Mitch Stahl owns Harvey's Complete Jeep Shop, which built this '82 Scrambler to showcase the shop's abilities. Mitch wanted a multipurpose Jeep that did it all: daily driver, tow vehicle, hard-core rockcrawler and sand dragster.
Mitch's shop in Long Beach, California, is known nationwide for its expertise in building Jeeps. Mitch believes Jeep-not Chevy-small-blocks belong in Jeeps. He says, "We've worked with AMCs so long that we get comparable performance out of them, and cost is pretty even. AMC parts are more expensive, but while a Chevy V-8 is inexpensive to obtain, the conversion parts are expensive. All in all, an AMC engine makes for a cleaner installation-from radiator to electronics."
This AMC 360 V-8 is a screamer, producing 430 hp at 7,200 rpm. Using top-grade parts assembled by shop foreman Keith Busby, the V-8 offers great reliability at high rpm. Mitch says, "To get these horsepower figures out of a small-block, it's gotta twist." Because only cast pistons are available for the 360, Mitch had forged .060-over 9.5:1 pistons custom-made by JE Pistons sealed by gapless Total Seal rings. The crank was polished and the rods were polished and stress-relieved then attached with ARP rod bolts.
Mitch went through a number of fuel setups before finding components that met the needs of his 360. "We started out with a Holley 750 double-pumper. We were happy with the horsepower, but any carb has inherent problems with bouncing, angles, and altitude. We tried a Chevy big-block two-barrel TBI, but it couldn't supply enough air and fuel, and the ignition electronics were interfering with its operation. Finally, we changed to a Holley four-barrel 900-cfm Pro-Jection TBI directed by a Holley ECU. We like the Holley TBI because it's a stand-alone system, and it's the only four-venturi system of its type."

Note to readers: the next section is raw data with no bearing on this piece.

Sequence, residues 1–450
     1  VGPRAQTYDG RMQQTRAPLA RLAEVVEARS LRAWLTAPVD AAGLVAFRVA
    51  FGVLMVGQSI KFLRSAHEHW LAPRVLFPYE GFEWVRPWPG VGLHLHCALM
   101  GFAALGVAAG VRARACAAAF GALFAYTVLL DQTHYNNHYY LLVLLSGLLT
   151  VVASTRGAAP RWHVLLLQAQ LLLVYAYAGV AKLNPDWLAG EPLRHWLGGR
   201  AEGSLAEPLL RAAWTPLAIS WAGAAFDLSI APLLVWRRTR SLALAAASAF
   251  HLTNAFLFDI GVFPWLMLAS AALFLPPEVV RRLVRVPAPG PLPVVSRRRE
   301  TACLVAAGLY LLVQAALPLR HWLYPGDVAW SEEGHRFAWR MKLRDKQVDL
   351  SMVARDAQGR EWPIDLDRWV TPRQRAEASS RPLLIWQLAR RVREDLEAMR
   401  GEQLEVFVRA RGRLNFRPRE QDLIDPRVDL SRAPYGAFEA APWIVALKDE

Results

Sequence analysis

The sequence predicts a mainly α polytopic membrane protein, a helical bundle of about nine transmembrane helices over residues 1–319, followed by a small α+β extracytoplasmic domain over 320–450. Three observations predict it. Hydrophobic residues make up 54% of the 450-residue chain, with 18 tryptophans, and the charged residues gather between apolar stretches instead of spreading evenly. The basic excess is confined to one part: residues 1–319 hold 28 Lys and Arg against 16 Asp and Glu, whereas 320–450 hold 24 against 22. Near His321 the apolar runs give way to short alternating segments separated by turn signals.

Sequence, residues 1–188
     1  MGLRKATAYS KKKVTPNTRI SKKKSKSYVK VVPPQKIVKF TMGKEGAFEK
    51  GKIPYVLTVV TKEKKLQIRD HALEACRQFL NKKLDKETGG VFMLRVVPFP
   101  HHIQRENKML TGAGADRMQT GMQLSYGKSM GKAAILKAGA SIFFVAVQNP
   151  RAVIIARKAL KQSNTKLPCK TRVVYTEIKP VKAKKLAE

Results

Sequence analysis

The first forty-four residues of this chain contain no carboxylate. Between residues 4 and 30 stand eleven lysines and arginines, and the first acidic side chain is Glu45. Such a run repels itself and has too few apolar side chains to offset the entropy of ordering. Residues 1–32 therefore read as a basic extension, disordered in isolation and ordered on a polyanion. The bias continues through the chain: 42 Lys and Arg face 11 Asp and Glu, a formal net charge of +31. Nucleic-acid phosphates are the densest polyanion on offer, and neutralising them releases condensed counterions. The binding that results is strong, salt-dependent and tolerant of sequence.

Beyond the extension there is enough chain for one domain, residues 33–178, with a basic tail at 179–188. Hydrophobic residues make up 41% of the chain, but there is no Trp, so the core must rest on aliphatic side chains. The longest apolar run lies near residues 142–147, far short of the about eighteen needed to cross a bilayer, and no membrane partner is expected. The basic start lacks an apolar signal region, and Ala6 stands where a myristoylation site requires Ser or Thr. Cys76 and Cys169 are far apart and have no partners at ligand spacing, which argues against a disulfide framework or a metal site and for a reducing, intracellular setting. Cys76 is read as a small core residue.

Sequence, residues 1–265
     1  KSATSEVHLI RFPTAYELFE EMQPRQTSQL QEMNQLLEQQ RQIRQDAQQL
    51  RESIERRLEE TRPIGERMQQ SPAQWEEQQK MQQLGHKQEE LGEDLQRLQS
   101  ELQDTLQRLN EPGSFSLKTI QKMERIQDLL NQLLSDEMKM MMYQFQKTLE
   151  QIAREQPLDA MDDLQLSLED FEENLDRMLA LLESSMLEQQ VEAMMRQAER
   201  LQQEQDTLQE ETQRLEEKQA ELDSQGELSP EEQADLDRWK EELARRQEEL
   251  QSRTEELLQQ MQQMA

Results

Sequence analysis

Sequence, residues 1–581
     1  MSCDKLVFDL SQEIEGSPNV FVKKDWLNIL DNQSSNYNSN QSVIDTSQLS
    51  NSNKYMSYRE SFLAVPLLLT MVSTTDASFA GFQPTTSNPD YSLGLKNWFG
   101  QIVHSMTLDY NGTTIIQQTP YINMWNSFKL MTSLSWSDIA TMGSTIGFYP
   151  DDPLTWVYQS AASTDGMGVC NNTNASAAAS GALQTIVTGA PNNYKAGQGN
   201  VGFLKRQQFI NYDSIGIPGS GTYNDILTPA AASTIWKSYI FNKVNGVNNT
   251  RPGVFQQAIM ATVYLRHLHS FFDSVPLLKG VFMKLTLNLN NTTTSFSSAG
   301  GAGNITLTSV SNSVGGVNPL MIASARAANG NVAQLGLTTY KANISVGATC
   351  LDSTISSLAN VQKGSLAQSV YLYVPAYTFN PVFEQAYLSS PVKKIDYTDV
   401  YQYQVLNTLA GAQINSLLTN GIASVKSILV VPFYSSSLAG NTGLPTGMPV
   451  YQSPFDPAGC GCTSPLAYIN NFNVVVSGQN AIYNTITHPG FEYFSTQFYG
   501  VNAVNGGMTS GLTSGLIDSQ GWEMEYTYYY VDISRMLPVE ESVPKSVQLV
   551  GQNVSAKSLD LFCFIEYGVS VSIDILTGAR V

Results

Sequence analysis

Fuel flows through an Edelbrock Torker single-plane manifold with the runners ported and matched to the heads. Mitch chose Chevy big-block stainless valves, because they're the largest valves with the correct stem size that could physically fit into the head. Harland Sharpe roller rockers offer less friction, while chrome-moly pushrods, Isky springs, and ARP head and rocker studs contribute to high-rev durability.
After trying a number of cams, Mitch settled on an Ultradyne flat-tappet with 288/296 advertised duration and 0.522 inch of lift. "It's a relatively large cam," he says, "but it's a livable trade-off for its performance characteristics."
Mitch chose an MSD 6A box and Blaster coil because they are "ultra-reliable in severe-duty usage with high vibration and high heat." The MSD is very versatile; at a later date a rev limiter or ignition-retard module can be added. A high-energy system like this is also a necessity with nitrous or high-compression ratios and pump gas.
Exhaust flows through ceramic-coated 1 3/4-inch, 4-into-1 Hedman headers with a 3 1/2-inch collector. Each bank routes to a separate SuperTrapp muffler that dumps to the side. "The SuperTrapps are compact," Mitch says, "so we don't lose any ground clearance. They look good, the sound and power output is adjustable, and they have a provision for a Forest Service-approved spark arrester."